A 10 year commission required to tackle upsurge of diabetes in India: Expert

India is at the forefront of research in cardiology worldwide but making indigenous products is what we are lacking & it needs to be improved

New Delhi: To bring to the fore how the healthcare in India has evolved in 75 years of independence, a galaxy of Padma Awardee Doctors deliberated on the health issues that the Indian population is up against, such as diabetes, cardiovascular diseases (CVDs), eye care, and other NCDs during Health4all episode-46 organized by HEAL Foundation, suggesting the measures, which may turn out a fillip needed to make India – the world’s healthcare leader.
Deliberating on the current status and the rising incidence of diabetes in India during Health4all episode-46, Dr Anoop Mishra, Chairman Fortis Centre for Diabetes, Obesity & Cholesterol (C-DOC), Padma Shri Awardee, said, “A 10-Year Commission with Dedicated Mission is required to tackle the upsurge of diabetes in India because the current pattern of efforts in the direction of eliminating diabetes in India needs to be reimagined. Though National Diabetes Program has done a lot to combating diabetes in the country, a more organised strategy is required to be devised to curb its upsurge.”
Adding further to the Indian context, Dr Misra said, “Younger people in India are getting diabetes, especially, the obese ones, which is worrisome. The age of 30 was set for screening for diabetes in 2011 by the National Diabetes Control Program, but now considering the rate of incidence, early screening and diagnosis of diabetes should begin at the age of 25. Lifestyle disorders majorly contribute to the incidence of diabetes, and states like Kerala and Delhi are found to harbour poor lifestyle, hence the high rate of incidence of diabetes are reported there.”
Examining the evolution of eye care in India after 75 years of independence, during Health4all episode-46, Dr Mahipal S Sachdev, Renowned Ophthalmologist, Chairman, Centre for Sight, Chain of Eye Hospitals, Padma Shri Awardee, said, “In the last 3-4 decades, India has made significant progress in eyecare. The precision of eye care delivery and the outcome has improved incredibly. The advancement in the fields of cataract, refractive surgery, glaucoma, age-related retinal macular degeneration, and myopia degeneration is imminent. Overall, eyecare in India has progressed swiftly because every part of the eye can be seen very clearly, and laser treatment is available for precise treatment, and due to betterment of diagnostics the reach for treatment has improved.”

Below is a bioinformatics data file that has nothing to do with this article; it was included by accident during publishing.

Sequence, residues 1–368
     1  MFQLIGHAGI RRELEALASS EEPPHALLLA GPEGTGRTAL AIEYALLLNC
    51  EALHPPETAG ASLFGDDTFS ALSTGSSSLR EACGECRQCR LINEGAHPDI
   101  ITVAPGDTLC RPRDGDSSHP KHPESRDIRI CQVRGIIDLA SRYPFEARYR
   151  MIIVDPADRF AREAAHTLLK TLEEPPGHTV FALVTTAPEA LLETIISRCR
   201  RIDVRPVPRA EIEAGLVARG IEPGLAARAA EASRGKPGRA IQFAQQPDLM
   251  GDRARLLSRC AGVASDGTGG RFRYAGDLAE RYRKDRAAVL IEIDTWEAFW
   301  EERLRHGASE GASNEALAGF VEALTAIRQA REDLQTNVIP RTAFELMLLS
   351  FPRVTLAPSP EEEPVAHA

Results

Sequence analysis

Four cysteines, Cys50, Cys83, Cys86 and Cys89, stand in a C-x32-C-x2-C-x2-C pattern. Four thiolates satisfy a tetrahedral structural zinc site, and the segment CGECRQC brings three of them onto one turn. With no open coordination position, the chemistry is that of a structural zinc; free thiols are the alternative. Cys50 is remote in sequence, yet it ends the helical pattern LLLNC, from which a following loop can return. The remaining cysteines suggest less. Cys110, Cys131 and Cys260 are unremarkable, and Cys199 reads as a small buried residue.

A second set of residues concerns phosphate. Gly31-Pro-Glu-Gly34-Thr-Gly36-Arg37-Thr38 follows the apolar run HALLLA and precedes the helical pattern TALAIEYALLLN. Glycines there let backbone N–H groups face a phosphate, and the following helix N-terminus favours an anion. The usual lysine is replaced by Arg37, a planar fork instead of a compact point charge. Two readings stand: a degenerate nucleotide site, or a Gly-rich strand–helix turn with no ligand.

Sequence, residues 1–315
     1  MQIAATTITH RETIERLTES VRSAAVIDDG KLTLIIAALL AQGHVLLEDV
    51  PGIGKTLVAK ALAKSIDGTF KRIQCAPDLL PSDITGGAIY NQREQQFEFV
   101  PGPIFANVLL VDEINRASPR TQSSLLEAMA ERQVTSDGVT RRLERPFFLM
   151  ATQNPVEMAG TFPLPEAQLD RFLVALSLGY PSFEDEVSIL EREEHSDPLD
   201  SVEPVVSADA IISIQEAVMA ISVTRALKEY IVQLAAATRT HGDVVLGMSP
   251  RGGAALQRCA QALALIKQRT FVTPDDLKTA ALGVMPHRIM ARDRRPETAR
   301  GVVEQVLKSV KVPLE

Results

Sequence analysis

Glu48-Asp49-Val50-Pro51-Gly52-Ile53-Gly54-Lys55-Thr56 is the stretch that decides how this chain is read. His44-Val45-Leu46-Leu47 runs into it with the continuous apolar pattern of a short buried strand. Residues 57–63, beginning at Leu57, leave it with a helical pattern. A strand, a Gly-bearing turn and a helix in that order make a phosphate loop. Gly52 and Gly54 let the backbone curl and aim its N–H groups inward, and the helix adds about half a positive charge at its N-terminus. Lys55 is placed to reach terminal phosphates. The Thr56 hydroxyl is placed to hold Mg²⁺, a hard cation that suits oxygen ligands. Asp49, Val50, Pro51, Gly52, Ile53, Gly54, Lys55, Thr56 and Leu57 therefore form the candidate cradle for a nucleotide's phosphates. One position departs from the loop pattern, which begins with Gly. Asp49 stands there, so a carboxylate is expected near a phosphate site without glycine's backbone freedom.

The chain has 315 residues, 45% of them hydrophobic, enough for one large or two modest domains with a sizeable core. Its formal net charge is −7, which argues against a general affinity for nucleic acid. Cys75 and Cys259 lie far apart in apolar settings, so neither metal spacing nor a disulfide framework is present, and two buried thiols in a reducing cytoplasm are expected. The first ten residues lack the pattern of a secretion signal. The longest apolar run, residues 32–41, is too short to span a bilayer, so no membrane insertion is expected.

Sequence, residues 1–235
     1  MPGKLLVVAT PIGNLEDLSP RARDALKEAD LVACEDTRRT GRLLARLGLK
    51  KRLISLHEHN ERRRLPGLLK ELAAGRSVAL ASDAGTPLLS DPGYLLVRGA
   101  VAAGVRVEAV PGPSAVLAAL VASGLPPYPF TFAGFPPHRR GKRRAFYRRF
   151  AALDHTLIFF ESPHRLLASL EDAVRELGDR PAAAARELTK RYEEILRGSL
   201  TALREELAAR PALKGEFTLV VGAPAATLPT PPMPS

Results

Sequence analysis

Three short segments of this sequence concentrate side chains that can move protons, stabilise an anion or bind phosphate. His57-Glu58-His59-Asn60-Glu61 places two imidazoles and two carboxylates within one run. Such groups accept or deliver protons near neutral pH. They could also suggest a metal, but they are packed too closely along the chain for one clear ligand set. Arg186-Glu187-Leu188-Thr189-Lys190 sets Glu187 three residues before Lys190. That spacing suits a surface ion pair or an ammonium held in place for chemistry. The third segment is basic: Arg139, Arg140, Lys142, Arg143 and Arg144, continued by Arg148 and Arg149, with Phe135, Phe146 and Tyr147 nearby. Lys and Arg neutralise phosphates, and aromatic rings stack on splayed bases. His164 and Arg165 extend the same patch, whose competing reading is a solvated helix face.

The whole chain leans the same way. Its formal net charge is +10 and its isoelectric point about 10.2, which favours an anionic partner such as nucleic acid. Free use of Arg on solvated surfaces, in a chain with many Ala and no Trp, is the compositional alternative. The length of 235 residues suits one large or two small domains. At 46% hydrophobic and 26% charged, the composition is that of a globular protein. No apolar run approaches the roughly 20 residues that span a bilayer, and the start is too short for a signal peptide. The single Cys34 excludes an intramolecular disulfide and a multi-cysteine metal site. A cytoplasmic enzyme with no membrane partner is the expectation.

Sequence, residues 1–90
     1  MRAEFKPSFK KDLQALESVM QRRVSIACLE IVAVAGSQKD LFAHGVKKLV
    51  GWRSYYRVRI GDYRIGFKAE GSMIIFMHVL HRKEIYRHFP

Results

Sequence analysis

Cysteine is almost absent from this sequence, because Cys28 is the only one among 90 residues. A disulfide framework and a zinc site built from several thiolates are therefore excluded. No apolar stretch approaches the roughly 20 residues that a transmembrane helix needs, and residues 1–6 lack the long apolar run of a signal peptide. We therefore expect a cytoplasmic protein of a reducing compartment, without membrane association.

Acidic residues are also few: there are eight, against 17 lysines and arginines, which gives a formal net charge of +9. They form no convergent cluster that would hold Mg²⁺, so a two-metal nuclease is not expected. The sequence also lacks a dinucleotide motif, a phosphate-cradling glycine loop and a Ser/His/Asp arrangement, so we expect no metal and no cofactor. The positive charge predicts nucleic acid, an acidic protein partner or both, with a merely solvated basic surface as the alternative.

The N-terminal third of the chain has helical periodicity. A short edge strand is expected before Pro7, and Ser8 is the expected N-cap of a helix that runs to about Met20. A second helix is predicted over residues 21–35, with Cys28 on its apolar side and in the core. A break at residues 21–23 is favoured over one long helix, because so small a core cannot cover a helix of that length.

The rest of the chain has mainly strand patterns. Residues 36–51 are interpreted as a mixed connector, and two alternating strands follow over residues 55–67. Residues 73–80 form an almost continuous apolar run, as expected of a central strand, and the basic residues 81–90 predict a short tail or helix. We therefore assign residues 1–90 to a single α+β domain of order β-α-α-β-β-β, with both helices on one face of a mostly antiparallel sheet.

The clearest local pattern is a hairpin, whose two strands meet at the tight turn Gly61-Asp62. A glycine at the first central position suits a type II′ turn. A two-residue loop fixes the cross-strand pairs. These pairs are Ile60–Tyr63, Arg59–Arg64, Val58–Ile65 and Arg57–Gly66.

Adding to the advancement of technology such as Artificial Intelligence (AI) and its impact on eye care, Dr Sachdev said, “Artificial intelligence has entered the field of cataract surgery in several ways, the first of which is the diagnostics of cataracts; for instance, if you go to the mall and click a picture, it can determine the degree of opacity and the colour of the cataract to determine if surgery is necessary. The application of AI can also simulate and see what the quality degradation of the vision is of an individual.”
Speaking on how interventional cardiology has evolved in India after 75 years of independence during Health4all episode-46, Renowned Interventional & Electrophysiologist, Dr Balbir Singh, Chairman, Cardiology, Max Hospitals, said, “India is at the forefront of research in cardiology worldwide but making indigenous products is what we are lacking and it needs to be improved. Fainting due to arrhythmia which is called syncope, is the sudden loss of consciousness, anybody standing or sitting suddenly black out and falls and it is because of loss of muscular tone. It can be simple which happens in children or very dangerous arrhythmia, that may tell that the person is at high risk for sudden death. They should be investigated and treated. Syncope is one the most important causes of sudden death. And sudden death is the most common cause of death of cardiac patients in India and worldwide.”
Speaking about the state of cardiology in India after 75 years of independence during Health4all episode-46, Renowned Cardiologist, Prof (Dr) Mohsin Wali said, “The government has brought many schemes over time to make their heart healthy, still people are not serious about it. The ICMR conducted a very large study and found that 45 percent of people are inactive. Even those who go to the gym, don’t focus on cardiac health they focus on bodybuilding. Heart health includes rhythm disorders, vascular diseases such as hypertension, and vascular-related diseases such as strokes. Despite preventive education, there are many causes for the onset of CVDs such as hypertension, diabetes, obesity, psychological stress, poor food consumption, alcohol, smoking, dyslipidemia, etc. There are more causes than the steps taken for prevention so we are lagging.”